In our three-part blog series we show you how two friends from their childhood days founded NIKIN and wanted to give something back to nature. In the second part, learn how Robin integrated his whole family into the young company.
Jeffrey, Robin, Lester and Nicholas (f.l.t.r.) worked on the NIKIN project alongside their job and studies.
In the first part of the blog series you saw Nicholas and Robin ordering the first 60 Treeanies and selling them immediately. Shortly after, hundreds of people ordered the caps. Nobody expected such a rush. The two of them sometimes worked night shifts until 3 o'clock in the morning and went about their actual business again in the morning. Accordingly, the two urgently needed energetic support. Robin therefore integrated his whole family into the small company without further ado. The Gnehm family supported NIKIN wherever they could. Robin's parents sewed the labels onto the treeanies.
Robin's parents sewed the labels on the treeanies all night long.
Since Nicholas and Robin were both active scouts, they wanted to plant trees with their project. The fact that so many people want to join the global reforestation was a surprise, but a very, very positive surprise. Robin's two brothers Jeffrey and Lester also helped with the young company. Lester, actually 100% employed as a gardener, took over the logistics and sent out the NIKIN packages after work.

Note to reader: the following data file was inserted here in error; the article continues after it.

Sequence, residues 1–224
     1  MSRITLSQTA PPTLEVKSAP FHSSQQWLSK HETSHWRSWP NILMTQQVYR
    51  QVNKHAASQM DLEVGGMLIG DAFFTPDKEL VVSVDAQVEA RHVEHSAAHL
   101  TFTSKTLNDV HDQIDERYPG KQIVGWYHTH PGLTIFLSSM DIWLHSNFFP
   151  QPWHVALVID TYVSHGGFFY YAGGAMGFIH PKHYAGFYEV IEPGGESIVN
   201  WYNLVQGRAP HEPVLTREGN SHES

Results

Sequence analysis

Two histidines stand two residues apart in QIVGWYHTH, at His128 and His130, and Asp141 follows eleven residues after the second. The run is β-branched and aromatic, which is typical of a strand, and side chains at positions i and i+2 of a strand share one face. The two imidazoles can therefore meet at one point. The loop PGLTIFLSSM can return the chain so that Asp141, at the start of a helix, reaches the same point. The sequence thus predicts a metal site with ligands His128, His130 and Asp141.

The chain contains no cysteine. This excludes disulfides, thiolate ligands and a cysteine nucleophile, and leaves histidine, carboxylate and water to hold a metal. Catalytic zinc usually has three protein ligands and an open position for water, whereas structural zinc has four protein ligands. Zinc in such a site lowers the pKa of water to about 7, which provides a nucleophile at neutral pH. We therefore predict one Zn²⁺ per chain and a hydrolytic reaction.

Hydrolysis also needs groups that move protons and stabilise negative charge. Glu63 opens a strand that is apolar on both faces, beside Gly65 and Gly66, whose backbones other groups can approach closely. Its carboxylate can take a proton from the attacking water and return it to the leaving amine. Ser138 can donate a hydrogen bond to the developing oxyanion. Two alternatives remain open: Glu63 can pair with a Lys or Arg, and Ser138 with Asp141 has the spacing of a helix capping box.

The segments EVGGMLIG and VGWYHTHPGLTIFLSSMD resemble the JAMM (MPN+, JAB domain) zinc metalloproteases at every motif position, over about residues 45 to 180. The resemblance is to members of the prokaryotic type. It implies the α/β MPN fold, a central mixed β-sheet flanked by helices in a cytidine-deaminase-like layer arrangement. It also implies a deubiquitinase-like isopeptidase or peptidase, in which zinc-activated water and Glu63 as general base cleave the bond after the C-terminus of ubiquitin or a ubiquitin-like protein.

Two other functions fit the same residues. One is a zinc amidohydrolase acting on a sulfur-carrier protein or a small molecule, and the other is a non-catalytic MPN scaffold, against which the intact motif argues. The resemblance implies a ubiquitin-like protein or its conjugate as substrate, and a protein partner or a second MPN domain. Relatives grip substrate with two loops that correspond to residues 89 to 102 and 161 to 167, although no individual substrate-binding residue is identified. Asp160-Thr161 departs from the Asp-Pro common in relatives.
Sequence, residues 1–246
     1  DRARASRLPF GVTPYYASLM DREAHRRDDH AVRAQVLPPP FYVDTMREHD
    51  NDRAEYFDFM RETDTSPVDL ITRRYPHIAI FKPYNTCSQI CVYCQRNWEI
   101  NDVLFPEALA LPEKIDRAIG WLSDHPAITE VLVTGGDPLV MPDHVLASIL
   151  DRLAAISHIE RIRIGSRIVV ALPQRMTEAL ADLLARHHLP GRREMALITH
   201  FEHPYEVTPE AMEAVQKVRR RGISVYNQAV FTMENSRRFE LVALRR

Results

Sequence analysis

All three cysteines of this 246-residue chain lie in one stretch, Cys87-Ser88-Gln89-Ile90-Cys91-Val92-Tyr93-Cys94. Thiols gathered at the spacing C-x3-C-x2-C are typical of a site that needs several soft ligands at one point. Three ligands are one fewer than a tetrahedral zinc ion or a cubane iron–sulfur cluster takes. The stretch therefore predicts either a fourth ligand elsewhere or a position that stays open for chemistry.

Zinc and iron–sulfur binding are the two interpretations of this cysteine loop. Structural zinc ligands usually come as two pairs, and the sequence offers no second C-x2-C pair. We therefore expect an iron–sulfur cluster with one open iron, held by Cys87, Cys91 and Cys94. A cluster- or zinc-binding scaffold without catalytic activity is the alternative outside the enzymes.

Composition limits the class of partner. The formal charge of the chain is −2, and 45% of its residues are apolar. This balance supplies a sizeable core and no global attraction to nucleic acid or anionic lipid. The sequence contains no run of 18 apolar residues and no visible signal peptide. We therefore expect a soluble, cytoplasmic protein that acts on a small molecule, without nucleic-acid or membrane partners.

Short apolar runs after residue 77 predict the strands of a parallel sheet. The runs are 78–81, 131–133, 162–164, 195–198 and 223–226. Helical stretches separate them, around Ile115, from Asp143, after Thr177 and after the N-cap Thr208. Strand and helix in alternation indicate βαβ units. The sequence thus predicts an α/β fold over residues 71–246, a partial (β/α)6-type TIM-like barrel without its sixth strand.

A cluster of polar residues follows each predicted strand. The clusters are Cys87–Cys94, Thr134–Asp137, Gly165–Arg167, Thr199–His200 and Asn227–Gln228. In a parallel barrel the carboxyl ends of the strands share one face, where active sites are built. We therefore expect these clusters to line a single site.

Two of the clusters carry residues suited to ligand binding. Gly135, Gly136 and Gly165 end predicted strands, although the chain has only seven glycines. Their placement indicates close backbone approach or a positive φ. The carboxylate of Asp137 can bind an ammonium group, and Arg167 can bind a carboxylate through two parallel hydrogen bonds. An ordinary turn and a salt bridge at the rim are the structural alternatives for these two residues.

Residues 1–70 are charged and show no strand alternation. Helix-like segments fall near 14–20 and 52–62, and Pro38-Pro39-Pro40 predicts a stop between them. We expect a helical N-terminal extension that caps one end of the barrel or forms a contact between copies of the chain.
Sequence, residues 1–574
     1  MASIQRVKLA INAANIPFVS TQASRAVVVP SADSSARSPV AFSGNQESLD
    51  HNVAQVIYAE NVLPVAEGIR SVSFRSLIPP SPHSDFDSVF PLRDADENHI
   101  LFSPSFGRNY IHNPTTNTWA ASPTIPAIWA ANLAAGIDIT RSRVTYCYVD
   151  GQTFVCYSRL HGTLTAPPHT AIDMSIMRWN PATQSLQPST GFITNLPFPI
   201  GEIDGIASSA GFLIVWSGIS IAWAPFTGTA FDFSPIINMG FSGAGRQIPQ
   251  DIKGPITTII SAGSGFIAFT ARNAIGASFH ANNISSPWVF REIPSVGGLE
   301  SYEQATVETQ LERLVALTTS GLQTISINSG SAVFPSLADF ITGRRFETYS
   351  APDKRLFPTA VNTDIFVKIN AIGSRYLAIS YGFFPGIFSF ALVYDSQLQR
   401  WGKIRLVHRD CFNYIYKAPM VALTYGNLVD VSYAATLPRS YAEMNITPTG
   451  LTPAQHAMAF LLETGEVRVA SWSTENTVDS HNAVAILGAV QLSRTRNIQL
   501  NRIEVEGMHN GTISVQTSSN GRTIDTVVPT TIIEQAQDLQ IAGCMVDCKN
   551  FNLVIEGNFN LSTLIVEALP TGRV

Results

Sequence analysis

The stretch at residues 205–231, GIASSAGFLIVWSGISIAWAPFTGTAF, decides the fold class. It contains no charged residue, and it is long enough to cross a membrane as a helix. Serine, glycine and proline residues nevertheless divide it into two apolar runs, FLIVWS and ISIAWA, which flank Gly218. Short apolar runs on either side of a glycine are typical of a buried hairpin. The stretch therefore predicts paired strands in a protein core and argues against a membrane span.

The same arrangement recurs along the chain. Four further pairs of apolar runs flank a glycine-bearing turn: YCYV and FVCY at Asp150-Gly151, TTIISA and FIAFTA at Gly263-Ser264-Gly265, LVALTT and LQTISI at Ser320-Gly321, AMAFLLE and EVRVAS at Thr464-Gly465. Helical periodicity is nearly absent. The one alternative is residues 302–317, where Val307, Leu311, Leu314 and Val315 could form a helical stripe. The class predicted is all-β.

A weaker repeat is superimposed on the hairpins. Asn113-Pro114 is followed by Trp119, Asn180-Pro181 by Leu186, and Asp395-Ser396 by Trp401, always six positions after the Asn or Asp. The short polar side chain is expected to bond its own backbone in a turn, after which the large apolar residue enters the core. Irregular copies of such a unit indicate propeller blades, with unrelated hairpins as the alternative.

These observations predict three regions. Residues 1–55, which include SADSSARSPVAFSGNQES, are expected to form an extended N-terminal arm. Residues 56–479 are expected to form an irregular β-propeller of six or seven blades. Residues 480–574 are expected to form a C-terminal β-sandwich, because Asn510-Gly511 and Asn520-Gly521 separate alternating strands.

Lester Gnehm spent hours after work sending NIKIN parcels.
Jeffrey took over communication from NIKIN and continues to do so today.
It was clear that NIKIN quickly needed its own warehouse. So NIKIN moved to a warehouse in Seengen, where there was a small vegetable shop before.
This small house in Seengen was the first official NIKIN warehouse.
After work, the NIKIN employees packed the products and personally brought them to the Seenger Post. The demand for NIKIN products continued to rise rapidly. NIKIN quickly blocked the Seenger Post every evening for half an hour. It took some time for all parcels to be posted.
A small article in the Aargauer Zeitung shows how many packages NIKIN brought to the Seenger Post.
You can read how NIKIN became a GmbH (limited liability company) and the history behind the logo in the third part of the blog series.